Worship with the Senses

Praise the LORD! Praise God in his sanctuary; praise him in his mighty heavens! Praise him for his mighty deeds; praise him according to his excellent greatness! … Let everything that has breath praise the LORD! Praise the LORD!”

- Psalm 150

Today, we conclude our brief study on the principles for worship that we can discern from the Scriptures. We have already discussed the role of liturgy and beauty in worship, and today we need to consider how a liturgy should include elements that reflect the beauty of God as well as His other attributes. Various elements of a church’s liturgy convey truths about the Lord through our senses.

Music remains one of the most powerful forms of communication available to humanity, and it has always been an important part of Christian worship. Whether the music has consisted of a cappella chants, organ-accompanied hymns, or orchestral performance of choir anthems, the church has embraced music as a key feature of Christian worship.

Of course, the primary sense with which music is enjoyed is the aural sense. Music penetrates our hearts and minds via the ear, and it can convey profound truths about the character of God. It can also fail to convey such truths or even present the idea, with ever so much subtlety, that the praise of our Lord is a silly matter or not substantially different from how we might praise another human being whom we love. The tunes we sing in our churches can be a great help to the preaching of God’s Word, setting the stage for us to hear about the Lord and His redemption, or they can be a hindrance. This may be even more true of the words of our hymns and songs. Our theology cannot be separated from our worship, and much bad doctrine has influenced the people of God simply because somebody set it to music. Consequently, we must take great care in the selection of music for worship. The Lord commands us to praise Him with instruments and song (Ps. 150), but let us sing only those songs that are appropriate for worship.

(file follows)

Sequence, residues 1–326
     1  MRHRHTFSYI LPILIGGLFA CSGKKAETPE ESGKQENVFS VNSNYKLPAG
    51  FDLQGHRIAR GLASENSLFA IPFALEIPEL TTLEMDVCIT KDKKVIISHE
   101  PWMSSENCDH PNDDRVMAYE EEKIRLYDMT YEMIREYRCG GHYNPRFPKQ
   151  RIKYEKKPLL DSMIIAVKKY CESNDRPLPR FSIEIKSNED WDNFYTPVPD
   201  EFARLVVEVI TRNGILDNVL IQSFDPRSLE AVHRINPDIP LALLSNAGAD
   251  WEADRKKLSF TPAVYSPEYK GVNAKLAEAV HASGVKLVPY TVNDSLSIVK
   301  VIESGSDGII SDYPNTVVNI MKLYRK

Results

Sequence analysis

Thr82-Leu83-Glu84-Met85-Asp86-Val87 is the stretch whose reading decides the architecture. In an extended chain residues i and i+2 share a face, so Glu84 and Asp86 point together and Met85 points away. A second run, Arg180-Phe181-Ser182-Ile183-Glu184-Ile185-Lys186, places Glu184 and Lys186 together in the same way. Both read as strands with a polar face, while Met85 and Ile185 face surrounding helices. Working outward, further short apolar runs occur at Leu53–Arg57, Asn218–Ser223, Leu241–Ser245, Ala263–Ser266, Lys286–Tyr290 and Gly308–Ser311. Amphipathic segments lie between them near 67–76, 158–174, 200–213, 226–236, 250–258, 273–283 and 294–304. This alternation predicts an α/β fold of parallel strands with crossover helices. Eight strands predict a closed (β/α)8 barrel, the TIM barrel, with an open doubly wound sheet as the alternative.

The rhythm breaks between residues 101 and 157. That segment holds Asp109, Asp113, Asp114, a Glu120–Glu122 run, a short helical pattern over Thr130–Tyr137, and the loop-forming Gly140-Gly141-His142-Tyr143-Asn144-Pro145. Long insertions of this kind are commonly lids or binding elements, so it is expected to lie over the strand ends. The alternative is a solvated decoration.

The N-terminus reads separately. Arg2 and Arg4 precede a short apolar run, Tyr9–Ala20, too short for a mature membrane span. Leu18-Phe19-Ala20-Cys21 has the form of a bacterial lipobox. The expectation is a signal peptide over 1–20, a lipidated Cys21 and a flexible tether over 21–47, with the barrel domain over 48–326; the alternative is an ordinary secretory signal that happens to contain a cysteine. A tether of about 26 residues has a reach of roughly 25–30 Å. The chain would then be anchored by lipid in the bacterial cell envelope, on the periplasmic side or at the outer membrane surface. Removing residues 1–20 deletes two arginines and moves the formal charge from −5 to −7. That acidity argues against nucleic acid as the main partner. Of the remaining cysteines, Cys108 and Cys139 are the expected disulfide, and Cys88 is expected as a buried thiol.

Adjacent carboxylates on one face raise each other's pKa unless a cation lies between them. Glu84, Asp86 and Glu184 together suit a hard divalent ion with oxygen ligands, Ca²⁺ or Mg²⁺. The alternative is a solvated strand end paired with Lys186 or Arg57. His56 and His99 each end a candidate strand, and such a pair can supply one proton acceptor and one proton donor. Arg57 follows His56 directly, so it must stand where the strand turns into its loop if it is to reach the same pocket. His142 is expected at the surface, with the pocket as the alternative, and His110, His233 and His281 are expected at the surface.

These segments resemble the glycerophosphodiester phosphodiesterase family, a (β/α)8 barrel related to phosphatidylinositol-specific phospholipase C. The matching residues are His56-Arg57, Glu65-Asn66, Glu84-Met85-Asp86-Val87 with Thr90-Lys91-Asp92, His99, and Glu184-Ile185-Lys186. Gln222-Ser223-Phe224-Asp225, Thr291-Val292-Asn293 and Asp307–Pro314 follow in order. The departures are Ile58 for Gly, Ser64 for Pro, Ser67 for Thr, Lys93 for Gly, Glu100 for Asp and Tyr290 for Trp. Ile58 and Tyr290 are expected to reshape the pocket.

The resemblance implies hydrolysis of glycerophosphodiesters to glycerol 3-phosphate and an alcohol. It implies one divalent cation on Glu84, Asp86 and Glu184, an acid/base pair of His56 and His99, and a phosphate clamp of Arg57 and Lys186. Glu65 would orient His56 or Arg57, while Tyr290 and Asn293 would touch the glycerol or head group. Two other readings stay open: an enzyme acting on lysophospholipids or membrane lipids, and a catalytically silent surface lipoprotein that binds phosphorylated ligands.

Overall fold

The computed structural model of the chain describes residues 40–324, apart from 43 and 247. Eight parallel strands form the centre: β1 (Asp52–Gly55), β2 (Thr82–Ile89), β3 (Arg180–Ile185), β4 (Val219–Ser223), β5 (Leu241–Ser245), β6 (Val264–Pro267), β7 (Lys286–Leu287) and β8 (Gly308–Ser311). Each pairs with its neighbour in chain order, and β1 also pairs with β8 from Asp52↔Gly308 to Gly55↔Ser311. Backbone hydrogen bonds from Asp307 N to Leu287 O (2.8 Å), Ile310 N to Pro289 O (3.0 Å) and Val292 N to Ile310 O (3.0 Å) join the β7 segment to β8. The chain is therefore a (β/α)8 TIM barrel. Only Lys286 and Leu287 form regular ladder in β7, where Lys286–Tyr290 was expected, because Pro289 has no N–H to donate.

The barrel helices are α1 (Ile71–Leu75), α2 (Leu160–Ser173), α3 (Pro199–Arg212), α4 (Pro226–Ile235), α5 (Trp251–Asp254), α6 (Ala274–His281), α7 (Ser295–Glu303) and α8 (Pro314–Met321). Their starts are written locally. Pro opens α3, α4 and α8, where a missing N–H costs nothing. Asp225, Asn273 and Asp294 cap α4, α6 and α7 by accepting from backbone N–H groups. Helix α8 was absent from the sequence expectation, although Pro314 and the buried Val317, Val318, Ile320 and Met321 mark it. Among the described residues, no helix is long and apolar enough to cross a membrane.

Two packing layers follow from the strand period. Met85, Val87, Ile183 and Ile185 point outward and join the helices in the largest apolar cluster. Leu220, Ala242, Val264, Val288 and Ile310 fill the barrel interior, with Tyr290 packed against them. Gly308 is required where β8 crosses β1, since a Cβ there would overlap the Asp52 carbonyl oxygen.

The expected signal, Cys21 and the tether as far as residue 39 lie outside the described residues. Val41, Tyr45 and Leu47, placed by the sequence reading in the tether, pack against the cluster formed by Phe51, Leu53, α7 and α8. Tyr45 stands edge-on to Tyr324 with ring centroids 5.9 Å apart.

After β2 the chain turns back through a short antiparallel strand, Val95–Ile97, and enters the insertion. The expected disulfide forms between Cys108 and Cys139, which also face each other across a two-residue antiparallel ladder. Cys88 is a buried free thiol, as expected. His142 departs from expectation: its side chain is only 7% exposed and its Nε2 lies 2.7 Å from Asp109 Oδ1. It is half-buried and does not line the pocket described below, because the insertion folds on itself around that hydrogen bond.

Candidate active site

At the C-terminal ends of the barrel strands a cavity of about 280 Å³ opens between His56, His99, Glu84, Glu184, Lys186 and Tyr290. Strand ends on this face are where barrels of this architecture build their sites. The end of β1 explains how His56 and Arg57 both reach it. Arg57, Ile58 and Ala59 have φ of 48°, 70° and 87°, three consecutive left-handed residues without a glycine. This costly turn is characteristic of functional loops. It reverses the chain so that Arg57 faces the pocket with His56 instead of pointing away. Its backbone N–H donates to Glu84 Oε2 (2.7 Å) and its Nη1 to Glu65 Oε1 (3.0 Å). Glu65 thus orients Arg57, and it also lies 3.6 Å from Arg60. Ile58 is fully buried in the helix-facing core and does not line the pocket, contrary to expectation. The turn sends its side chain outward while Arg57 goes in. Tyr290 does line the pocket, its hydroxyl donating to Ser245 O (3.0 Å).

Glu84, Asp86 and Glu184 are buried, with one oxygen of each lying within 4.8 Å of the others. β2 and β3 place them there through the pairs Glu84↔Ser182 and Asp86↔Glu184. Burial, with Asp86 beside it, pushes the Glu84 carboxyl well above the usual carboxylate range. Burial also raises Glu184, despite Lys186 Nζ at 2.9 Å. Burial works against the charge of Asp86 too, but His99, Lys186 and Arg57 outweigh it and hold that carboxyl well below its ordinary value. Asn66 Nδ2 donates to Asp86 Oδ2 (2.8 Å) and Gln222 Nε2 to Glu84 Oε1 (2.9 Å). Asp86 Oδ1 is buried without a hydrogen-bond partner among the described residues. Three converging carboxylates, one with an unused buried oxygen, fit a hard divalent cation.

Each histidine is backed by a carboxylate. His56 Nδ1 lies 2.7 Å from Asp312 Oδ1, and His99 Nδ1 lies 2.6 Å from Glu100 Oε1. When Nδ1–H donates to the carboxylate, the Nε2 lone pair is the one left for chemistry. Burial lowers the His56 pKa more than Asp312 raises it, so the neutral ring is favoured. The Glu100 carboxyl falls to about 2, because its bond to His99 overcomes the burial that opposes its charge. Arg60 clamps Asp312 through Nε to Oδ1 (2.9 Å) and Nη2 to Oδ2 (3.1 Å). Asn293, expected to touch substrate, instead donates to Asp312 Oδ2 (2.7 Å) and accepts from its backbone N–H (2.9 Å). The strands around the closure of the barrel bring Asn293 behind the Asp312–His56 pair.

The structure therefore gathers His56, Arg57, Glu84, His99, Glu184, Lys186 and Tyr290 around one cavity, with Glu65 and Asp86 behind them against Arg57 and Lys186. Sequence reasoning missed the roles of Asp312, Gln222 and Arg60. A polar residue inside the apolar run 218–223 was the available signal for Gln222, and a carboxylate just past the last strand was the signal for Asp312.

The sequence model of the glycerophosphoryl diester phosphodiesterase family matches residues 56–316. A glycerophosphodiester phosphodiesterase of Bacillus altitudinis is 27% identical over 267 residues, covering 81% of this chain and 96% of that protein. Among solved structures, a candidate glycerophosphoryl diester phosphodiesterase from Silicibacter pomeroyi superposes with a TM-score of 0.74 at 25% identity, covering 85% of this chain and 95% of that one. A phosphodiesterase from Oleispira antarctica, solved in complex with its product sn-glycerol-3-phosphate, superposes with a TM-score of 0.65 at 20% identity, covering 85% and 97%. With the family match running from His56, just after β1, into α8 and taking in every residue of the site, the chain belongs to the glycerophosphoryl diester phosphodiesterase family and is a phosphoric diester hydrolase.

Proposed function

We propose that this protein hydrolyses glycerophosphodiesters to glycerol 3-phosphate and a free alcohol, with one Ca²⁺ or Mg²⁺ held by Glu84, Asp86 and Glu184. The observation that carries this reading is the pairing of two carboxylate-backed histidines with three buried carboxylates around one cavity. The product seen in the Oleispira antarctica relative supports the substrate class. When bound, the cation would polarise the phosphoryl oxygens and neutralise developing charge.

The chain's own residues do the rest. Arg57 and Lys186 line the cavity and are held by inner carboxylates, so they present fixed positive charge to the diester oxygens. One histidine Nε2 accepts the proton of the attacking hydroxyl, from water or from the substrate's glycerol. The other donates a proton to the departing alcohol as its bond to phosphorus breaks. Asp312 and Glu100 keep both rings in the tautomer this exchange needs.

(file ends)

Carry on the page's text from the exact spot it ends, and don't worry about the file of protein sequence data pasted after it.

Under the old covenant, our Lord also commanded practices that would appeal to the olfactory sense. Fragrant incense was to be burned on the altar of incense in the tabernacle and temple (Ex. 30:1–10). Today, the burning of incense continues in Roman Catholic, Eastern Orthodox, and even many Protestant churches, but the practice is rare among the Reformed. We lack the space to consider the propriety of burning incense in new covenant worship, but it is undoubtedly true that the smells of our church buildings will cause people to associate certain ideas with them. Church leaders should be aware of this reality so that they understand what their sanctuaries are communicating to their members.

Coram Deo

Human beings process information through the five senses, so all five senses are engaged in all that we do, including worship. Though different traditions may take different views as to how the liturgy should appeal to the five senses, all of us must keep in mind that the sights, smells, sounds, tastes, and feel of our worship services do send a message to worshipers. Let us endeavor to make sure that it is always a biblical one.

Passages for Further Study

Psalm 33:1–3
Colossians 3:16

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